It is accounted for in the asymetrical error bars of the CRUtemp series. Finally, by comparing UHA,RSS and the land records we can gain some insight into the UPPER BOUND of UHI contamination in the record. It’s rather small. The point being, contamination of the record has been asserted but never conclusively demonstrated.
Its ‘removal’ has been claimed, but there remain some issues with those claims.
Anyone who wants to correlate solar information with the global record has the following issue: One cannot both accept the record for correlation studies and QUESTION the record in other posts. Consequently, I’d suggest anyone who wants to use the temp record for their studies had best work on the temp record first. Houses built on sand. Or accept the global record and stop posting diversionary things about it.
“2) Known problem: Tree proxies
So how do we deal with the problem that tree proxies (practically all kinds of trees has mad a united front against the temperature data you know) do not match temperatures just like Solar activity, sea levels, glaciers etcetc?
Like maaaagic! They babtize the problem: “The divergence problem” ohooo!
And so they have delt with that.
And what then “causes” the divergence problem??
Ohh, its the sulphur in the air. Who cares that this sulfur in the air does only excist in near urban areas most tree samplea are from remote areas like Yamal etce.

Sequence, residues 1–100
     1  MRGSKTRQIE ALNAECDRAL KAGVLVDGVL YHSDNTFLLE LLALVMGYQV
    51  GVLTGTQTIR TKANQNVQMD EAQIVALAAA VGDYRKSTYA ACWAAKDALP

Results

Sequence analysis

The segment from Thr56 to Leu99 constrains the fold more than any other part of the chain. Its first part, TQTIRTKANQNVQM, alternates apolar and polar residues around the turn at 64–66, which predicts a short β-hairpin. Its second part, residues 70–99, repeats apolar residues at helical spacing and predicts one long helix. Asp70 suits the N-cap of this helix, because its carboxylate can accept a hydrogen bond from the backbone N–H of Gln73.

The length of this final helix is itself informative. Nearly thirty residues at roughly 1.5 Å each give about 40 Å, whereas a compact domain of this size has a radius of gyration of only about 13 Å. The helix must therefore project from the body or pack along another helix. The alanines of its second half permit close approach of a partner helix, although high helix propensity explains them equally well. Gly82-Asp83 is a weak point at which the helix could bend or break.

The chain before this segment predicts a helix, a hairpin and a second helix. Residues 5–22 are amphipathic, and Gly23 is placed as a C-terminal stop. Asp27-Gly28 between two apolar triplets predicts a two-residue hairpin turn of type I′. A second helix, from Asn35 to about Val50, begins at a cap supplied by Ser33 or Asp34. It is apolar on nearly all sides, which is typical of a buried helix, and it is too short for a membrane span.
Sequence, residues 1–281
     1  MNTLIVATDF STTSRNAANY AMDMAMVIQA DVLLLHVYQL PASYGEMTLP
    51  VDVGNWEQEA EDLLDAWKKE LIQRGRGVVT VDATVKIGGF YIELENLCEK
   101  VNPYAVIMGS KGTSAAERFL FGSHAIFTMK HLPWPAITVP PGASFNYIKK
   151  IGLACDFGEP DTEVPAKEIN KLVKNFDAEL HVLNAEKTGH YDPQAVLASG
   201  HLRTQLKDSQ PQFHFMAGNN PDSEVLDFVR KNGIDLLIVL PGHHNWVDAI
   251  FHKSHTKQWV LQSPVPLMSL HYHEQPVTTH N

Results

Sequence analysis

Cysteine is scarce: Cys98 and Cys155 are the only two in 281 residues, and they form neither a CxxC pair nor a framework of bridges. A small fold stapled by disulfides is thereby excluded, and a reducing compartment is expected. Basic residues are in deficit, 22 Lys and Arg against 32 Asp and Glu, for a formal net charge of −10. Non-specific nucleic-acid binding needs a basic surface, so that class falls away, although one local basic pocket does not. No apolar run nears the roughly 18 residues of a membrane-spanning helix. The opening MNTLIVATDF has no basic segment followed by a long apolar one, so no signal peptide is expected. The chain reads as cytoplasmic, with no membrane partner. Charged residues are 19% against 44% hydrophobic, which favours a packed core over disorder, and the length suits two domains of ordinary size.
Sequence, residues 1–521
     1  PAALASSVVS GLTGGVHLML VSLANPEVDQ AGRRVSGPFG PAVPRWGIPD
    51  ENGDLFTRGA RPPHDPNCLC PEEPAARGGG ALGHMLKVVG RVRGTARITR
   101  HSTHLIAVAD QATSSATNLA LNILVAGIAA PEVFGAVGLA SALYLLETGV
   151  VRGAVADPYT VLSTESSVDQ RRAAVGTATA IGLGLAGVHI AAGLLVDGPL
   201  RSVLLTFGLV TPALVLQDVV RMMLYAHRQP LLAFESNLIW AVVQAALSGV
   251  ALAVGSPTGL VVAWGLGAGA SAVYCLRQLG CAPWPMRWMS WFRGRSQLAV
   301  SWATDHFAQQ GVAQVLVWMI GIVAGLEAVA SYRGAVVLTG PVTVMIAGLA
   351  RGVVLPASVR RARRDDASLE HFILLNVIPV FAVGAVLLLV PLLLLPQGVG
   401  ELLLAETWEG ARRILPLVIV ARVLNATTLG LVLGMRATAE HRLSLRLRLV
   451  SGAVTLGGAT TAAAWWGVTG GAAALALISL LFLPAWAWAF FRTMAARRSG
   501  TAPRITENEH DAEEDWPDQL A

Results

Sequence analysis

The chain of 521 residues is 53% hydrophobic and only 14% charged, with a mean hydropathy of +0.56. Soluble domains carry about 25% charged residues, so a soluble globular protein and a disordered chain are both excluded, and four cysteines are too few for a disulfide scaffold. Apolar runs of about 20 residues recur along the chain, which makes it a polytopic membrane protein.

But they have Bob Tisdale on their side still :-)”
########
you utterly mischaracterize the divergence problem and do a great deal of harm to the fine detailed work that McIntyre has done. the divergence problem DOES NOT occur in all trees. I believe steve has pointed this out repeatedly. You have no understanding of this problem. you cannot even get the basic facts correct.
The cause of divergence is under investigation. This why people like steve suggest that it might make sense to look at BOTH trees that are divergent and those that are not. The result would be higher uncertainties about the MWP.
“3) Known problem: Altitude
Ok, Bob do you have documentation that shows that its a general worlwide trend that these temperature stations has been moved synchronically to higher and higher altitudes during the years 1900-2010 to legalize warming adjustments?
Or do you just accept that “proberbly” temperatures stations are allways moved up in altitude..??”
This is not a problem and has been shown repeatedly to not be a problem.
1. The avergae decrease in altitude is a few dozen meters.
2. the anomaly method corrects for this.
3. Methods that dont use anomalies ( jeff id ) ALSO show no bias.
4. You can look at low altitude stations EXCLUSIVELY and get the same answer
5. You can look at over 25000 daily stations and see that the answer is the same.
“4) Known problem: TOB, Time of Observation:
Ok, Bob do you have documentation that shows that its a general worlwide trend that these times are taken synchronically later and later in the morning etc accross all kind of states during the years 1900-2010 while these measurements were just ment for local wheater purposes?”
You do not understand the TOB problem. I suggest you find the thread where we discussed this on CA. When you change the TOB you will change the recorded min/max. This is an observational FACT. Consequently, if a series has several TOB you MUST CORRECT for the change in TOB. if you don’t you will introduce a BIAS. This has been shown and verified on several occasions.